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Shortsellers are neither evil nor mathematically impossible

And if you weren't a brainwashed imbecile, you would occasionally be a shortseller, too

The GameStop mania is a religious movement involving millions of staggering and overwhelmingly young idiots who believe that

* shortsellers are extremely evil and to fight them, you have to sacrifice everything
* they are doing something that doesn't even mathematically make sense
* by panic buying a shorted stock for a price that is overstated by a factor of 10-1,000, all the participants are going to make astronomical profits

This kind of stupidity just leaves me utterly speechless (by the way, I am instantly banning every commenter who shows any inclination to believe either of these amazing propositions because interactions with creatures who are this dumb simply terrify me and I won't allow the comment sections to become unfiltered cesspools).

The situation is probably even worse than it seems. According to a Harvard College Consulting Group research, 31% of U.S. "investors" below 24 want to make a "quick cash" (I immediately imagine the "lawyer" from Idiocracy who said that he liked money) and about the same percentage (around 30%) use Reddit as a recommendation what to do. The number of registered users of WallStreetBets sub-Reddit grew from 3 million to 7.7 million in a week but a much larger number of people follow the forum without any registration.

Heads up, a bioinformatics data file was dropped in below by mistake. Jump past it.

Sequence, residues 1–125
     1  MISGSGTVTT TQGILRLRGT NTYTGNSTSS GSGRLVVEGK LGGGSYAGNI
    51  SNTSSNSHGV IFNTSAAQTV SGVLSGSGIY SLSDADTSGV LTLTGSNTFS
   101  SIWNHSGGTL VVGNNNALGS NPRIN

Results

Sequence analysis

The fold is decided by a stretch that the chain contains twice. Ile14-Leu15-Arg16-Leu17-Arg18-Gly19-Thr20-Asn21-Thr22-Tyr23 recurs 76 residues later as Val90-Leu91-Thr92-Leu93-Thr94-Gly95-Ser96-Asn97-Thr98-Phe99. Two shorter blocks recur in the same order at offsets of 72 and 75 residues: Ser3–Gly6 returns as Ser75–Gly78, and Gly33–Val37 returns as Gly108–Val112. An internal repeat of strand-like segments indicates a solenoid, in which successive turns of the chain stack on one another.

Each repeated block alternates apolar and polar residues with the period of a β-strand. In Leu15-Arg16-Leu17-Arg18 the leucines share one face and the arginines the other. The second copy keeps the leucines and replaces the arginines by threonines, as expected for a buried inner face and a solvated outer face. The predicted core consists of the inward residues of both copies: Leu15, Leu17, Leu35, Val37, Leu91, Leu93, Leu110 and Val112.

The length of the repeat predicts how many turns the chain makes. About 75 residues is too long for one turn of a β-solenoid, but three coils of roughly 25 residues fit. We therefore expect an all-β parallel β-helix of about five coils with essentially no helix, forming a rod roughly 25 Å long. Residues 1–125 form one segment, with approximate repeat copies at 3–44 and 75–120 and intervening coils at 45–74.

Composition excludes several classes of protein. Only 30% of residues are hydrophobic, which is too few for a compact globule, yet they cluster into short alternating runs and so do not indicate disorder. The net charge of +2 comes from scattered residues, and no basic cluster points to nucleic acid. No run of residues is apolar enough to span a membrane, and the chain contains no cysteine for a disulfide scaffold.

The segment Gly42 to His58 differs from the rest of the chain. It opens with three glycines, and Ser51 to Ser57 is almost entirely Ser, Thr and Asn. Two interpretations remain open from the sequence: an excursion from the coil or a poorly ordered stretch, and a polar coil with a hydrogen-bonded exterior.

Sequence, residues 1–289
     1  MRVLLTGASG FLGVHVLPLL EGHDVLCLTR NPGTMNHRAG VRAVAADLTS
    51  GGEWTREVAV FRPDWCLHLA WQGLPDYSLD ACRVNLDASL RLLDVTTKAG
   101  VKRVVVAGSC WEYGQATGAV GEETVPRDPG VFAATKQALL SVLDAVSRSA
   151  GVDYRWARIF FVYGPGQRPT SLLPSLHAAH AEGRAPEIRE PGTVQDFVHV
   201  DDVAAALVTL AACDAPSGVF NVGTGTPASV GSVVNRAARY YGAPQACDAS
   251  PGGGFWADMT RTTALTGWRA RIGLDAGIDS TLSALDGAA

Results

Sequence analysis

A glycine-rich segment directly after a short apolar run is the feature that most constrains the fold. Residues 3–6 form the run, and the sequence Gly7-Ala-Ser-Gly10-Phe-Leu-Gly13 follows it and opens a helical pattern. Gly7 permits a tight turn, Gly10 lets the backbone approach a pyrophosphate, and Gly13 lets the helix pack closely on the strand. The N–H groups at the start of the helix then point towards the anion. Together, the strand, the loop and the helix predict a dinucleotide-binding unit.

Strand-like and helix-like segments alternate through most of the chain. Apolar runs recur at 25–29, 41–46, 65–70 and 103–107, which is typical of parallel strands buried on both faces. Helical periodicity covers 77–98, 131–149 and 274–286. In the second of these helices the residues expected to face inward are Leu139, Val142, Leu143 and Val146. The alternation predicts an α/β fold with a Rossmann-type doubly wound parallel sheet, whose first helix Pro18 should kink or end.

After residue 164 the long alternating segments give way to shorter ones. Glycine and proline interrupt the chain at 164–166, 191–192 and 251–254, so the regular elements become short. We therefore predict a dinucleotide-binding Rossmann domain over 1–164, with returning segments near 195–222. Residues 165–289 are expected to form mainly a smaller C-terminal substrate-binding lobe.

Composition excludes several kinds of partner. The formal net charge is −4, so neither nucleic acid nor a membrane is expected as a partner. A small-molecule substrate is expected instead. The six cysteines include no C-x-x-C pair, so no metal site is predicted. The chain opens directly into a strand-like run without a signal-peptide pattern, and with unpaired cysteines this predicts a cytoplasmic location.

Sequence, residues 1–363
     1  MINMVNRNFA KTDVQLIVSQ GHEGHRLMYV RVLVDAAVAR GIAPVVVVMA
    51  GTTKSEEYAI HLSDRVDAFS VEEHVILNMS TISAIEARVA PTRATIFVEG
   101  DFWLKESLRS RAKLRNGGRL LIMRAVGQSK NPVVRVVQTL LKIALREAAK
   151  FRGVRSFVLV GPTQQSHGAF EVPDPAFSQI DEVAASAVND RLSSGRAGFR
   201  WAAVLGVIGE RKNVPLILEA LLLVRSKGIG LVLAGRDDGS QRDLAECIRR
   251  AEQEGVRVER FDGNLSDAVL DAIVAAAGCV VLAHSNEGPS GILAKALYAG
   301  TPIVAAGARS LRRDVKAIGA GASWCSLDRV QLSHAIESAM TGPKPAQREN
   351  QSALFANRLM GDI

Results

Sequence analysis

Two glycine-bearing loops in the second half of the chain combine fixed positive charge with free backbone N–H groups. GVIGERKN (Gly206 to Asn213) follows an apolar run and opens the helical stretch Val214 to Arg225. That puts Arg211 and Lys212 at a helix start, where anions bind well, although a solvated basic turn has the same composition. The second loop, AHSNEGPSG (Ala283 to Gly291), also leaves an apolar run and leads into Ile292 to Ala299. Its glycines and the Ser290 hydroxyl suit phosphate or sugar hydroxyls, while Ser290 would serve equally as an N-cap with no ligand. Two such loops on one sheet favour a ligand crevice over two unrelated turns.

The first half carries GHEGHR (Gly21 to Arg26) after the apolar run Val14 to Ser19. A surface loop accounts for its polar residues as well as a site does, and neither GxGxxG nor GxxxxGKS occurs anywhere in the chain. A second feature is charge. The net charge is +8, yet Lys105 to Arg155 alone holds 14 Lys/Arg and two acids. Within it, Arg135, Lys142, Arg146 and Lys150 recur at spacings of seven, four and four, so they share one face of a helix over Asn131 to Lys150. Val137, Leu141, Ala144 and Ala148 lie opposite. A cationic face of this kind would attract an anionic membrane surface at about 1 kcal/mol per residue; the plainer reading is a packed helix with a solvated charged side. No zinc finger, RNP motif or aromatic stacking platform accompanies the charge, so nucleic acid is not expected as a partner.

Great. So what is going on with GameStop Corp (GME)? It is an unspectacular corporation (with shops where you can buy PC games on increasingly outdated media) with 69,746,960 shares outstanding. I will call the number 70 million, it will clearly change absolutely nothing. The stock price was decreasing from $30 in 2016 to $4 or so during the bottoms of 2019 and 2020 and then it had a tendency to grow towards $20 at the end of 2020.

What is the right price you should pay or get for a stock? This is the question that every sane investor is trying to carefully answer. He is generally buying the stock that costs less than the fair or sustainable price; and selling when the current market price is (much) higher than that. This is how he makes a profit if he is right.

In healthy conditions, the investors collectively drive a stock price to a number that rarely changes by 10% – the precision of their hard work is typically better than 10% although this precision is often shown not to be an actual "accuracy". But 10% is a big deal. This company has some $500 million in cash (if you divide it by 70 million, you get $7 per stock) and produces some $60 million in profits per year (almost $1 per stock). You may imagine that the company is worth the cash plus the profits per 10 years. At any rate, you will get something in the interval $5-$20. When the stock was worth almost $20, a shortseller decided that it was already overvalued, so they shorted it. The text below will also explain what this verb means.